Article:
Then, Rose was born. She wouldn’t sleep for more than three hours at a time until she was four months old. Our faith in our parenting abilities was shaken. That was the longest four months of my life. Until Wren was born.

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Top five unexpectedly good things about having babies close together

When Ruth was five months old, we found out we were pregnant with Rose. When Rose was about seven months old, we found out we were pregnant with Wren! Having children this close together is not for the faint of heart, but it does come with some unexpected perks. For example,

1) None of your baby stuff is in storage. That’s right! No need to send your husband up to the attic for all that baby junk that has been up there for a few years and worry about cleaning off the mold, dust and spiders. It is all still out! In fact, there is still a baby in it. Don’t get too comfortable in that exersaucer, baby. I’m counting on you learning to walk in the next few months. And soothe a newborn.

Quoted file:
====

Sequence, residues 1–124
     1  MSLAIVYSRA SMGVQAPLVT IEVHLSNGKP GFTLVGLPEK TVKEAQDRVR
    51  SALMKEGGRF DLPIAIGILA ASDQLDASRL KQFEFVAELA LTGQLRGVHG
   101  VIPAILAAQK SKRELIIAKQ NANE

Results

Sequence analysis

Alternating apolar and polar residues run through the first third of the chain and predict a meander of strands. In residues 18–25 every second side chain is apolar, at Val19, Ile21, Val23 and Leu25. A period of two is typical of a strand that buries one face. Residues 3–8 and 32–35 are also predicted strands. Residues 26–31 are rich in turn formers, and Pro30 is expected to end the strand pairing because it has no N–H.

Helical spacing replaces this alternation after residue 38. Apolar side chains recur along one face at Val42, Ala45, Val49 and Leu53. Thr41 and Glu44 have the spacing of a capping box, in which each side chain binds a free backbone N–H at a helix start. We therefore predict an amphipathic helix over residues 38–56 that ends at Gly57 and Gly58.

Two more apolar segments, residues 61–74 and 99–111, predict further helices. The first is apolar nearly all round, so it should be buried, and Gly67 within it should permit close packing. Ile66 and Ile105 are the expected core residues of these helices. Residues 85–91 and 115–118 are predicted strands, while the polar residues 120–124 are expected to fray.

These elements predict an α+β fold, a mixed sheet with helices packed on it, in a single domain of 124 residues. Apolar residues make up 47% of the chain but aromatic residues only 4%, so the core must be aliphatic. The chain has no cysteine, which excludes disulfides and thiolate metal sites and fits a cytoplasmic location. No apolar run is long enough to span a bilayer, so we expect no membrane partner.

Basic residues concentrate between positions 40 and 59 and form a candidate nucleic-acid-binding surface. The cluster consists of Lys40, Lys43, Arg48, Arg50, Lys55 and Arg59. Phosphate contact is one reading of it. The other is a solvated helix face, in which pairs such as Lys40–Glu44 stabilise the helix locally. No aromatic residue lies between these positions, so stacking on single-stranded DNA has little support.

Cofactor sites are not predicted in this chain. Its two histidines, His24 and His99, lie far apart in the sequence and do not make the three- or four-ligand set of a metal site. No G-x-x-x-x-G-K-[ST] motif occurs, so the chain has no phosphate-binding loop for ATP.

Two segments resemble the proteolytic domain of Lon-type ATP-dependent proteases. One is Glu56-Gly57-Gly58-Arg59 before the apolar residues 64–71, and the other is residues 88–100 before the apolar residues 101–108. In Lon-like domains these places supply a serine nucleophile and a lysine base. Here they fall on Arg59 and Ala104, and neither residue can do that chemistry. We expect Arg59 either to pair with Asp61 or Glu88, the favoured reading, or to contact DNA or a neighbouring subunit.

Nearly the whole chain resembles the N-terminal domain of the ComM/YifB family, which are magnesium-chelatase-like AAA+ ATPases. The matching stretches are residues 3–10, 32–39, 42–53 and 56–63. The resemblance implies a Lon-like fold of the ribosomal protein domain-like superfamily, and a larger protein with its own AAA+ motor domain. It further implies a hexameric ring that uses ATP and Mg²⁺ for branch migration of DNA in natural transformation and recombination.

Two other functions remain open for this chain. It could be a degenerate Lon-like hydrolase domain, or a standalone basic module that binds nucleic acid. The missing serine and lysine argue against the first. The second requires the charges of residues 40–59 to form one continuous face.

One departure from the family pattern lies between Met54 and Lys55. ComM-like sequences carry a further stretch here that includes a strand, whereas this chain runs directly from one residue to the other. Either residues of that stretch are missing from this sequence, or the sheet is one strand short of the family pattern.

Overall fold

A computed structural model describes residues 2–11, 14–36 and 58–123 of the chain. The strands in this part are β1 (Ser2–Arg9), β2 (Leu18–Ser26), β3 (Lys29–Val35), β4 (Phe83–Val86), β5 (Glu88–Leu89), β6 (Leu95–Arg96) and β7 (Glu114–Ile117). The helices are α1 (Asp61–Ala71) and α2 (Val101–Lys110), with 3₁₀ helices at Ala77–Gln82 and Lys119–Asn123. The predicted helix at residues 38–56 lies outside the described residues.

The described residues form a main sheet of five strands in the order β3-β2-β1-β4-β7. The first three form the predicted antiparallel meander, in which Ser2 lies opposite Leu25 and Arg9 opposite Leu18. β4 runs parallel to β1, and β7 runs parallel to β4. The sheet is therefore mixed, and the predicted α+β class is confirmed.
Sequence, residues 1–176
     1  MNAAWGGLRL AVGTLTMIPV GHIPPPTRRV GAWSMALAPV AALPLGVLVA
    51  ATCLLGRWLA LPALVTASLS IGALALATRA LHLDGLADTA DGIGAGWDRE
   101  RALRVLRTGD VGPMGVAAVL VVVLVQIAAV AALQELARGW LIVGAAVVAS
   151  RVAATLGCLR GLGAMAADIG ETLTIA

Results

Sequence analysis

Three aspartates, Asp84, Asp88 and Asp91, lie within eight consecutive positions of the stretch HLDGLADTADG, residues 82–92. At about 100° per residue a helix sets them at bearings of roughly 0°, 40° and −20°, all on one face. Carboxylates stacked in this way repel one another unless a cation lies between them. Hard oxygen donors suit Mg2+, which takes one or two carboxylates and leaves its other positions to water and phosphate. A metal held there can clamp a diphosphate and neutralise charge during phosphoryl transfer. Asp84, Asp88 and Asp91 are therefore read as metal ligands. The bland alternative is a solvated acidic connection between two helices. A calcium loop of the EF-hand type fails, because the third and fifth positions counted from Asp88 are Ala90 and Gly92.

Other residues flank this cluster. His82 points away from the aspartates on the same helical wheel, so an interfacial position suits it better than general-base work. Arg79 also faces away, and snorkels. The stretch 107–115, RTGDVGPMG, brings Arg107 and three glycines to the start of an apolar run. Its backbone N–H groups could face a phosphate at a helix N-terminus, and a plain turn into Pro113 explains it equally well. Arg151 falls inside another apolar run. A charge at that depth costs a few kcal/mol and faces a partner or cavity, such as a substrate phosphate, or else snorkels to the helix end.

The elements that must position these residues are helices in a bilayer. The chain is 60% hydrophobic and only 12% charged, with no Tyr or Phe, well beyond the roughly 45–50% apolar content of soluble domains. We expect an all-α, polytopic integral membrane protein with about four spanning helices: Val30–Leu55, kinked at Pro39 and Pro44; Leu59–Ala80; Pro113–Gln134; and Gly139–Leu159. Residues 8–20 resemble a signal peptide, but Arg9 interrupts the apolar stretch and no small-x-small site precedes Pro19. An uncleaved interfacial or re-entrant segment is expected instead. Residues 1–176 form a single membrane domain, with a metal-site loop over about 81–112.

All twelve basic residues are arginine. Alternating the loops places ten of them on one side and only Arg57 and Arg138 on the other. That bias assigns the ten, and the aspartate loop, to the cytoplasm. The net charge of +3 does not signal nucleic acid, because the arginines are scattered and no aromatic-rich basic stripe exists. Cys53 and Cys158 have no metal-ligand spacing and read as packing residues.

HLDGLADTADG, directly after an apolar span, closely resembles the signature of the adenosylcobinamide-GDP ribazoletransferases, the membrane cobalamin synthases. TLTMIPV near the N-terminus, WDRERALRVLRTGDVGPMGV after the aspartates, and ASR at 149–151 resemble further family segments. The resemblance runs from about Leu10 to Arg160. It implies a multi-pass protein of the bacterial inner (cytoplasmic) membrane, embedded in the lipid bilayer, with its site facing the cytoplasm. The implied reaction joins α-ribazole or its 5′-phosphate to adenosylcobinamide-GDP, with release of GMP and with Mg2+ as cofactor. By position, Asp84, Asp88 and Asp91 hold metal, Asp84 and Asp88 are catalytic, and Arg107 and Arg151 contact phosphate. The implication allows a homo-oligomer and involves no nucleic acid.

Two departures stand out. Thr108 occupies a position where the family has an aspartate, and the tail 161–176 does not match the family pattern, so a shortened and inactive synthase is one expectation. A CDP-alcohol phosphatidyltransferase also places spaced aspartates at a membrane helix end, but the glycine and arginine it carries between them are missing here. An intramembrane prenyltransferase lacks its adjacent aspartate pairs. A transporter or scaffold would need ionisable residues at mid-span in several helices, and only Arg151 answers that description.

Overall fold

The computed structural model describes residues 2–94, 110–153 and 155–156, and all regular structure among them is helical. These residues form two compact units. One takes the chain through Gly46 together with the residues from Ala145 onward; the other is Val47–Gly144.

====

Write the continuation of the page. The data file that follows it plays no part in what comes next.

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When are you going back to work?

I get asked this all the time. I usually stammer some awkward explanation about being on perpetual maternity leave because I feel like “I AM working, and when the kids grow up and leave the house, I will be enjoying my well-deserved retirement,” isn’t quite the answer they are looking for.